It's not something the average user thinks about -- security. But as with most Linux Distributions (Distro) Fedora, a Red Hat community-based Distro, has some things going for it that are not apparent.
The single biggest asset going for Fedora is security. You see, just about everything you do while on Fedora is under what's called 'Mandatory Access Control'. That's security-speak for basically having everything you do 'watched' by a third-party 'Linux Security Module', (LSM) including even actions taken by the system kernel. That may not mean much to you but to system administrators and security experts alike, it is 'peace of mind'.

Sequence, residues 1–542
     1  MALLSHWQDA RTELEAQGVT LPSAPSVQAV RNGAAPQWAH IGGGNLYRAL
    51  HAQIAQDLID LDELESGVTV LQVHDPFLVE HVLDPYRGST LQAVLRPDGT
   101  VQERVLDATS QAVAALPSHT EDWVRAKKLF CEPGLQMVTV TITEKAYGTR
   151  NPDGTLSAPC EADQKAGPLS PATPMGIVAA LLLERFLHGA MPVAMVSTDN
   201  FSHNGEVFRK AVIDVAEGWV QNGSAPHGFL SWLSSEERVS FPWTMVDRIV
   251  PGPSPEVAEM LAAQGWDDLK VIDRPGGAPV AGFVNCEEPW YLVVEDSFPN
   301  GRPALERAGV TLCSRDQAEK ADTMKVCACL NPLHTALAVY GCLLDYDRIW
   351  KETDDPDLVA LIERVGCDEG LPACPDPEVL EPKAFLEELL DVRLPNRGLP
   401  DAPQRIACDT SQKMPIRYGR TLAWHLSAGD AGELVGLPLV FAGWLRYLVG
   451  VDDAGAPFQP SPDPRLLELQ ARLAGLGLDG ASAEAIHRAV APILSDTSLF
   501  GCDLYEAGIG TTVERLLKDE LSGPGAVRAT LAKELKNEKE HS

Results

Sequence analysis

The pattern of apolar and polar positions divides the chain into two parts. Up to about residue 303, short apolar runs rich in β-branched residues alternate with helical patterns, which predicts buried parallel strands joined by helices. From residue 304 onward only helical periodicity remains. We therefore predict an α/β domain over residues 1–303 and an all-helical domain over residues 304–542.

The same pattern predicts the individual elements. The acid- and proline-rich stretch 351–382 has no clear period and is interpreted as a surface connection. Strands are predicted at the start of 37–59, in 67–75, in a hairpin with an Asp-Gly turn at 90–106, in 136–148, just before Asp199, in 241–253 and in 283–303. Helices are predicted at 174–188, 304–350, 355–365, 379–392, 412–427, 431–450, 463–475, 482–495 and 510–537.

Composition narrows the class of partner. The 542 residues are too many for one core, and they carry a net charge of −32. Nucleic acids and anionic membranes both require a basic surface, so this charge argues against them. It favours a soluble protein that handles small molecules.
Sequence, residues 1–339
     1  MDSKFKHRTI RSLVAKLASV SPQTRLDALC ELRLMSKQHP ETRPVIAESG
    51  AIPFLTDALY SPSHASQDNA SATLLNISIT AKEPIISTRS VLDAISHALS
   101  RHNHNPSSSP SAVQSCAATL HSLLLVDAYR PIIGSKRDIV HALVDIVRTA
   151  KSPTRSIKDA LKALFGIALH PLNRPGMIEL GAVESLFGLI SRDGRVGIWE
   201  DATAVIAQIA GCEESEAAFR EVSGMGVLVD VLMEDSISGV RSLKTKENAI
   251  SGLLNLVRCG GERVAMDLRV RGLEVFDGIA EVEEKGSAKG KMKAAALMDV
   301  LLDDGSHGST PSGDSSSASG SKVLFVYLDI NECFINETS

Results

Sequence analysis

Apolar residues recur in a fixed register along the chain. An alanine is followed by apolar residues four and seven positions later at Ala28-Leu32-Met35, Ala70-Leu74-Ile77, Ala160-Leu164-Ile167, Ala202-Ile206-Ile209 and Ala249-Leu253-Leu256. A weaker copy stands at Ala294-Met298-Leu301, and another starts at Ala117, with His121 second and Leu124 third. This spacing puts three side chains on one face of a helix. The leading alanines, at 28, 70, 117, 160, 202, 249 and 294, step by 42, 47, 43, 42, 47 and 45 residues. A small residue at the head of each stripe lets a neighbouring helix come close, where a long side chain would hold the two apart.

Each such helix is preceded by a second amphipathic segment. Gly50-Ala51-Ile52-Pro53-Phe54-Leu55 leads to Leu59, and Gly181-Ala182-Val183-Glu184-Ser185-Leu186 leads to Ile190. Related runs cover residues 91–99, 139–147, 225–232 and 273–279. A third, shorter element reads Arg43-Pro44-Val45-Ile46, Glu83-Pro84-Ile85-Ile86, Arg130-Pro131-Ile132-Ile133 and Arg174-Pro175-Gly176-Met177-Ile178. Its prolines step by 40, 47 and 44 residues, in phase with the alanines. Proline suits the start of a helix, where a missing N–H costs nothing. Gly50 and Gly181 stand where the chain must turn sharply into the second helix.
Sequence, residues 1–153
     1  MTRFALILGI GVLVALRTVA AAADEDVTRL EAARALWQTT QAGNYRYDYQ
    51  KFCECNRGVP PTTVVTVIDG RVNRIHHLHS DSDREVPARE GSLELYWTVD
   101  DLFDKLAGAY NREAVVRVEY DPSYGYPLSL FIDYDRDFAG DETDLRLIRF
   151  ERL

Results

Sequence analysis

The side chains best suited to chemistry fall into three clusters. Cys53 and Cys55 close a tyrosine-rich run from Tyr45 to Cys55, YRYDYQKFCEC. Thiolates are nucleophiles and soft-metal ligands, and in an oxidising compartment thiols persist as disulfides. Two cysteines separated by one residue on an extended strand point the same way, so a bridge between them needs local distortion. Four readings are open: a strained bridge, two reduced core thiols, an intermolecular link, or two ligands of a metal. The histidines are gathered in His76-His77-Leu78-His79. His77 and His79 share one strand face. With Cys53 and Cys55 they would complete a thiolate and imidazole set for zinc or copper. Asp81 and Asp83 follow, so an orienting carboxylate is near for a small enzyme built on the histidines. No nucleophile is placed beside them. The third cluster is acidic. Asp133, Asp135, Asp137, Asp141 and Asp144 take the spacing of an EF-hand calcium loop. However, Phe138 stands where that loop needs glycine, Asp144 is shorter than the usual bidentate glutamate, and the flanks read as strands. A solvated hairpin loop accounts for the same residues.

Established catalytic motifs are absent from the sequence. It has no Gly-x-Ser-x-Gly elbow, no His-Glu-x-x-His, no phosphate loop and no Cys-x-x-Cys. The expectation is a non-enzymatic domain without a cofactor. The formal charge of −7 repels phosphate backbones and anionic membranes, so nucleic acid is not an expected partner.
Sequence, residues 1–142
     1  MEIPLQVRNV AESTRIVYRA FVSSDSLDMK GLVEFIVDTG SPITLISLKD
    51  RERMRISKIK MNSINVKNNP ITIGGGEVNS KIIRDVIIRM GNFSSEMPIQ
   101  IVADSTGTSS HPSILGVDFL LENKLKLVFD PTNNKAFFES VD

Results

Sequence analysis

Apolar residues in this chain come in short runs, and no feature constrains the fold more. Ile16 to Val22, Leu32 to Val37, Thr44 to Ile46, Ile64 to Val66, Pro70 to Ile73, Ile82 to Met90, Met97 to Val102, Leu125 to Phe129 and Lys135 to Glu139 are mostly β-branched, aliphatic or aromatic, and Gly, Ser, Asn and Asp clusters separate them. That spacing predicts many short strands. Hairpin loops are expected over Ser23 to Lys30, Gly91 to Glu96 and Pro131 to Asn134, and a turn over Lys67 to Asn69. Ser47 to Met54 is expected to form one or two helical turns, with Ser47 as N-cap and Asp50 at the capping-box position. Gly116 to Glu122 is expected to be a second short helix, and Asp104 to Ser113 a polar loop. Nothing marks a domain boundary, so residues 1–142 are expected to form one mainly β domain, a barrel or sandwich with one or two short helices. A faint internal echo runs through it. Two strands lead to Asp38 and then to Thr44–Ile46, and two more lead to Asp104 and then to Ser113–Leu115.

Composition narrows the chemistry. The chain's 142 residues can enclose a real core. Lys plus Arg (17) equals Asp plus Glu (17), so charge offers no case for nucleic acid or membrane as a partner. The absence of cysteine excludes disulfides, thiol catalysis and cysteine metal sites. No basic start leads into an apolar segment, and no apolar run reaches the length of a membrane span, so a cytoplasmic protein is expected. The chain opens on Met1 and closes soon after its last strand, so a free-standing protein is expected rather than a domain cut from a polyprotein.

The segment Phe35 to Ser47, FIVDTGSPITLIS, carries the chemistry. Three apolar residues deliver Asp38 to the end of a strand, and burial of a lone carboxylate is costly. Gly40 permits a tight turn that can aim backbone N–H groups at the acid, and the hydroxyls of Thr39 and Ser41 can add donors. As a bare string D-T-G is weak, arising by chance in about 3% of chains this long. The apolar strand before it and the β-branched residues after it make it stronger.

Simply put, bad things won't happen on Fedora's watch.
No, unlike Microsoft Windows, this 'third-party' is always cross-checking what your PC is doing and if anything isn't in your SELinux 'policy' say trying to gain administrative privilege to control your system without your expressed permission, SELinux steps in and kills the process.
I've written about how Google's Engineers have posted a general 'disclaimer' on their chromium.org website for Chrome that effectively says:
"W'eve tried our best to sandbox Chrome on Windows, but we can't guarantee you won't get infected. Sorry." (shrugs)
So, if you've been bitten one too many times by a virus from out of nowhere on Windows, maybe now is a good time for you to make a switch for the better.
Get smart. Get Fedora Linux with LSM SELinux found here: